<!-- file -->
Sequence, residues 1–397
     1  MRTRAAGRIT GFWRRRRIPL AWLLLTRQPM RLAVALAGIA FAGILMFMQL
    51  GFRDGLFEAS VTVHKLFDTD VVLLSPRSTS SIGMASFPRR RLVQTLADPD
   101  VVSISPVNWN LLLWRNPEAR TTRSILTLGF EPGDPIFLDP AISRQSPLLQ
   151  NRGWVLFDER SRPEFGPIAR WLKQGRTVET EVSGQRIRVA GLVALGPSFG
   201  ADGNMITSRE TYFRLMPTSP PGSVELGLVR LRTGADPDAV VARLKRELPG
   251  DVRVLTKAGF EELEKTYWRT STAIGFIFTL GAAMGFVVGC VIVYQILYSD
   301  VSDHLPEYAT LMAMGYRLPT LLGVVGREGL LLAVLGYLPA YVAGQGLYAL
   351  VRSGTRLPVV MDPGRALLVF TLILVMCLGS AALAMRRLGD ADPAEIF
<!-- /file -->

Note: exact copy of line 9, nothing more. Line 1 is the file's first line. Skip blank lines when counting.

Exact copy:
   351  VRSGTRLPVV MDPGRALLVF TLILVMCLGS AALAMRRLGD ADPAEIF